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Update On Pandemic Relief Efforts

 

Over the last few months, we have shared articles focusing on different pandemic relief options available. As we reach the beginning of August, but not the end of the pandemic, many Americans are wondering when these relief options might end. Below is a summary of what we know now so that you can properly plan for the months ahead.

Unemployment
With many Americans out of work because of the Pandemic, the CARES Act authorized an additional $600 a week for 13 weeks to unemployment benefits for those impacted by the Coronavirus. These benefits are also available to those who do not normally qualify for unemployment, such as independent contractors and freelance workers. However, the deadline to apply for these benefits expires on July 31, 2020. That means that unemployed workers must file a claim by that date.

Housing and Utilities
Also under the CARES Act, evictions on federally-backed properties were frozen until July 25, 2020. This means that anyone renting or leasing a property that is backed by a federal mortgage could not be evicted for non-payment of rent up until July 25, 2020.

Additionally, homeowners with mortgages through federal lenders are protected from foreclosure until at least August 31, 2020. Homeowners can also request up to a 12-month forbearance on their mortgage payments.

If your property is not federally-backed, you should contact your landlord or mortgage company to find out what assistance is available to you.

Many utility providers, as well as some internet and cell phone service providers, have suspended shutoffs of service for non-payment. However, each provider will differ on when shutoffs may resume, as well as how long a customer has to pay back any overdue charges. If you have not been making utility payments, you should contact your utility provider as soon as possible to avoid future discontinuation of services.

Credit Card Payments And Reporting
If you haven’t been making your credit card payments, you should contact your creditors to work out a payment plan or forbearance. Many credit card companies are suspending payments and/or collections for a limited amount of time, but those options will vary by your financial institution.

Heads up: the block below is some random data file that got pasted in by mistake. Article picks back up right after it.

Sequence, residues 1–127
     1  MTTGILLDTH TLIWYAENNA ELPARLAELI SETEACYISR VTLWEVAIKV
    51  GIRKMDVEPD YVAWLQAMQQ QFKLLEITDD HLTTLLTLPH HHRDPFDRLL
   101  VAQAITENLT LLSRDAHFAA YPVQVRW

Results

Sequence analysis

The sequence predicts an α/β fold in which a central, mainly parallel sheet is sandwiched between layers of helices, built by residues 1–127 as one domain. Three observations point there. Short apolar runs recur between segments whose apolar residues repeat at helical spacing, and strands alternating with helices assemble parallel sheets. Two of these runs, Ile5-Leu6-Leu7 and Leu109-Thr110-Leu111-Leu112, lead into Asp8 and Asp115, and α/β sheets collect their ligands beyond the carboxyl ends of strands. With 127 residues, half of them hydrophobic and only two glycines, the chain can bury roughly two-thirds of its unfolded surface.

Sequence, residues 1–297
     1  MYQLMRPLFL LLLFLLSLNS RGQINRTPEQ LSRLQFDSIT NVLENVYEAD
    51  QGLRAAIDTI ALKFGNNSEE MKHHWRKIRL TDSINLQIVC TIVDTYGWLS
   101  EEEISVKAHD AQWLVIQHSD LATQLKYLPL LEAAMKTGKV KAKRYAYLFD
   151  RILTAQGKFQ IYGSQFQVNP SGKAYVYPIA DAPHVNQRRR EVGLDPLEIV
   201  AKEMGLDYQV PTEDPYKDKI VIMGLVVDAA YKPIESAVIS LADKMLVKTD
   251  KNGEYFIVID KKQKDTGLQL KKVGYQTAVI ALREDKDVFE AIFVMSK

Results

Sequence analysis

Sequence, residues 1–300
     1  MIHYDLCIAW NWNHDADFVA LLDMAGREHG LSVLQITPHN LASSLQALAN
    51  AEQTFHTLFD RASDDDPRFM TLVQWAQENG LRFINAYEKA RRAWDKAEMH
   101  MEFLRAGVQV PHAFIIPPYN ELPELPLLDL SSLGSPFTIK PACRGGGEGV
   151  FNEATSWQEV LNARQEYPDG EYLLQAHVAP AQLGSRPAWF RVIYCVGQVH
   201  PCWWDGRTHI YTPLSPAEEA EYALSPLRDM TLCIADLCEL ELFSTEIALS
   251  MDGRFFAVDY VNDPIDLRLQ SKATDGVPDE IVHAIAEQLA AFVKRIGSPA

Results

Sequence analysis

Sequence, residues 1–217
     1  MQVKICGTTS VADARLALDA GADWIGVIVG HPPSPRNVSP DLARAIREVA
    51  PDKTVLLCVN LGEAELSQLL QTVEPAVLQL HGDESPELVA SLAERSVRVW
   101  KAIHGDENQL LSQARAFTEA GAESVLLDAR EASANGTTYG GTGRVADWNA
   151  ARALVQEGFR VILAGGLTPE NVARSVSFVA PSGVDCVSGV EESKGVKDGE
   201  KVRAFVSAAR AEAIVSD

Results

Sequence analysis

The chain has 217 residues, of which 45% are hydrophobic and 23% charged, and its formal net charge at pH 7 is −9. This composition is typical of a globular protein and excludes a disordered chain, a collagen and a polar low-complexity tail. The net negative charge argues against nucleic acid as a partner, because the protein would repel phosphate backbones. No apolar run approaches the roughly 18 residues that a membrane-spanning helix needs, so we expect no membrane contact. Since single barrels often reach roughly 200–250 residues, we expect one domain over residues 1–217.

Additionally, the CARES Act stipulates guidance around credit reporting until 120 days after the pandemic ends. If you were current before entering into a payment plan, your payments should be marked as on-time with the credit reporting bureaus during the arrangement. However, if you were not current on your payments before making the arrangement, your credit report will reflect the account as behind until you make up the suspended or lowered amounts. If you were current before entering the plan and payments are being reported as late on your credit report, you can dispute the information with the credit reporting bureaus to have it removed. In pre-Pandemic times, consumers had access to a free credit report from each of the credit reporting bureaus once per year, however consumers are now able to access a free credit report each week through April 2021 by going to www.annualcreditreport.com.

Student Loans
The CARES Act also temporarily suspended federal student loan payments through September 30, 2020, as well as collection activity. Interest on your federal student loans will also be frozen during this time.

If you have private student loans, some lenders are agreeing to match the CARES protections, but you must contact your lenders for options and more information. Be prepared to provide information about hardship and expenses during the pandemic.

Summary
As the pandemic continues, relief efforts may be extended or otherwise modified. We will continue to keep you updated on the latest relief available.

We want to ensure that you have the most up to date information regarding these resources, so if additional legislation is passed, we will update this guide and send out a new communication.

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